3. Apply Bitter-Tasting Nail Polish
An excellent tool for the mindless nail biter, using a bitter-tasting nail polish like Mavala Stop can help kick this habit. You can apply this clear coat to the entire nail bed every two days, cuticle and all, to deter yourself from putting your fingers in your mouth. Discrete enough for men and kids, the horrific flavor will make you think twice before gnawing.
4. Use Olive Oil
Brush a little olive oil onto your nails to make them soft and pliable, which can help lessen the desire to chew. As a bonus, olive oil will also help condition the cuticle and strengthen the nails.
5. Carry the Clipper
Another possible trigger for nail biting is the sudden appearance of a hang nail or other kind of split. Biting it just to “fix it” is a sure way for a nail bitter in remission to get started again. To circumvent this, carry your nail clipper with you at all times.
6. One Finger at a Time
If you’ve been biting your fingernails since childhood, curbing the habit gradually might work better than the all or nothing method. Focusing on one finger at a time, try to stop biting your pinkie nail, and when that’s successful, move on to another finger.
7. Replace the Habit
Keep those hands busy by taking part in outdoor activities, like gardening, sports, or even taking a walk. Arts and crafts, DIY projects, cooking, knitting, learning to play a musical instrument, and other handsy hobbies will also help distract you and prevent the urge to bite. The great part of replacing the habit with a healthier outlet is that your body and mind will also stand to benefit.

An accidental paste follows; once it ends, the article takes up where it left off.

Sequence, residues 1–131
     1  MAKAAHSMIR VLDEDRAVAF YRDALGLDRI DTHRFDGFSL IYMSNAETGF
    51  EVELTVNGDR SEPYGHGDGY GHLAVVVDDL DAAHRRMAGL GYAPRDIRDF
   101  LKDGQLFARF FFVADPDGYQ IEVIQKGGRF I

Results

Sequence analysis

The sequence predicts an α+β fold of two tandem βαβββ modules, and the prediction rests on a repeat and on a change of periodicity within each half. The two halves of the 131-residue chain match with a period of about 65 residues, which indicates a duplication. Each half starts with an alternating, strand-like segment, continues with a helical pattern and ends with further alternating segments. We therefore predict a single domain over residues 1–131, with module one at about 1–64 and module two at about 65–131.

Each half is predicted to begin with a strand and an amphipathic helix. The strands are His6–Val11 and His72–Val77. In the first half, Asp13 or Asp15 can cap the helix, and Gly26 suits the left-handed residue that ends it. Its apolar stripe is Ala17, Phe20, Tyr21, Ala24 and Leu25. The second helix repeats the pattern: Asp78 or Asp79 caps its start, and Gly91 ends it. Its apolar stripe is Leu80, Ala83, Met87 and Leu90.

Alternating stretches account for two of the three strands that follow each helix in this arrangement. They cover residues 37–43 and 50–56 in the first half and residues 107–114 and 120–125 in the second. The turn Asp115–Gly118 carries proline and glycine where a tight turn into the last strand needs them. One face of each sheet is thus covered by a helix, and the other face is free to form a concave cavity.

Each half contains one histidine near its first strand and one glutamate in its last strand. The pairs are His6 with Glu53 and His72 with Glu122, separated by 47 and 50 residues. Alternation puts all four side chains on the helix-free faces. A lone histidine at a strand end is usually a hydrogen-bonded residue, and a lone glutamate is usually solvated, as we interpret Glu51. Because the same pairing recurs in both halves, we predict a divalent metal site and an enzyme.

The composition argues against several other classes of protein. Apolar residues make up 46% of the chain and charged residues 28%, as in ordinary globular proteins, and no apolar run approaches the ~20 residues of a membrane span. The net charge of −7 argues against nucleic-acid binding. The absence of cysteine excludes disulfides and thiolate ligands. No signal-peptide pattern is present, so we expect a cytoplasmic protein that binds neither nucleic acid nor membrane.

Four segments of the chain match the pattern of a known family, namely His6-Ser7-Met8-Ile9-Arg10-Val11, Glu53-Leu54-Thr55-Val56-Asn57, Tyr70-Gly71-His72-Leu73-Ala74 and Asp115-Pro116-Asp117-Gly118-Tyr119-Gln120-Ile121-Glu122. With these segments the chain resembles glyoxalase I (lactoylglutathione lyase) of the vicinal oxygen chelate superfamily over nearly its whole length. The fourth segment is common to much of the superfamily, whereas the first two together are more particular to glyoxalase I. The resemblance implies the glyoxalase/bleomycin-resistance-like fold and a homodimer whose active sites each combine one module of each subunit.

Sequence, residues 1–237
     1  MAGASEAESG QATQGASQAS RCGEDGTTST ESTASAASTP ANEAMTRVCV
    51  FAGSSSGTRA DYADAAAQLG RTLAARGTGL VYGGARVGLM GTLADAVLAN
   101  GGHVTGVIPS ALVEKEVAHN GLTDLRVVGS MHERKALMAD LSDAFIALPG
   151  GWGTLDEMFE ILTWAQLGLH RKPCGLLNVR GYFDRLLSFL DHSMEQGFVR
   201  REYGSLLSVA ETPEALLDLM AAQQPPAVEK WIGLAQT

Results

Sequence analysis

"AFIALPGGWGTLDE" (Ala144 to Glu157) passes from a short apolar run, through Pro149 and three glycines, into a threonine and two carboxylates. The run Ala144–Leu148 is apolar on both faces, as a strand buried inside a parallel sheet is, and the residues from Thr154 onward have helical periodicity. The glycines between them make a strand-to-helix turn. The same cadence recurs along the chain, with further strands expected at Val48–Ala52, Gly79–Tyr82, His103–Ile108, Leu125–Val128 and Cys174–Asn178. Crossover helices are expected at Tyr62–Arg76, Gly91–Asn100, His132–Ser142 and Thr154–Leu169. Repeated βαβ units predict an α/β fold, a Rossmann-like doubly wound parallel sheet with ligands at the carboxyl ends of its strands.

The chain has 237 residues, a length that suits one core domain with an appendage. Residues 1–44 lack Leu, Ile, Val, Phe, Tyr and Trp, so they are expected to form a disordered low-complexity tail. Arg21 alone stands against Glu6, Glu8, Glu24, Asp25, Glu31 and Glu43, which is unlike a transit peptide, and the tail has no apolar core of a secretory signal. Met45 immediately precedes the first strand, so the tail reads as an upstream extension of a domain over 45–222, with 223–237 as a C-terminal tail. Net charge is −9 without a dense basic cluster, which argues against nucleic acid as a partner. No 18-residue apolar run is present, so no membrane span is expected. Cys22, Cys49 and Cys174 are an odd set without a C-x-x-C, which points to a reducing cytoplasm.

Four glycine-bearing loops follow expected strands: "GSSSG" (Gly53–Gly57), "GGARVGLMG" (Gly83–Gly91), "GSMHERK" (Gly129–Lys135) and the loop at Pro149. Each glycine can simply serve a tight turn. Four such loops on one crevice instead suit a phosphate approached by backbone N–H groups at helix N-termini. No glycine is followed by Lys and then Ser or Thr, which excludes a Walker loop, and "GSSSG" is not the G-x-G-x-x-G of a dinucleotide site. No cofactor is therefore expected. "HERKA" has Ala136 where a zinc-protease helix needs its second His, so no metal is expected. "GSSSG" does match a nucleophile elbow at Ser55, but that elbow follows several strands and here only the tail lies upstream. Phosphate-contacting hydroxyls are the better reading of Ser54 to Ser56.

8. Get Regular Manicures
Spending a little money to make your nails look nice might be the extra incentive needed to stop biting. Alternatively, inexpensive options include using press on nails, or covering them with tape or stickers.
9. Chew Gum
Also keep your mouth occupied by chewing sugar free gum. Or, invest in a few pieces of “chewelry” that you can nibble on when you feel the urge.
10. Practice Mindfulness
Focusing on the present has far reaching benefits for mental, physical, and emotional health. Increase your awareness of the nail biting habit by really experiencing how the nails feel on your teeth, the pain it causes when you bite too deeply, the sensation on your skin. By being fully aware of all the sensory input during a nail biting session can help you realize that it doesn’t actually feel good at all.
11. Aromatherapy to Ease Anxiety
If you often chew your nails during times of high stress, treating the underlying cause can help curb the habit. Try using these essential oils for anxiety for immediate relief from nervousness, worry, and other mental stress. For discrete aromatherapy, invest in a diffuser necklace and inhale from it deeply throughout the day.
12. Tell a Friend
Sometimes sharing your goals with a loved one can help keep you accountable and on track. This tip is especially useful if you have a tendency to bite your nails without actually being aware of it.
13. Be Patient
Stopping a long formed habit is difficult and won’t happen overnight. Be patient, reward yourself on days you had success and don’t be too hard on yourself on the days that you didn’t. The trick is to keep trying and take things one day at a time.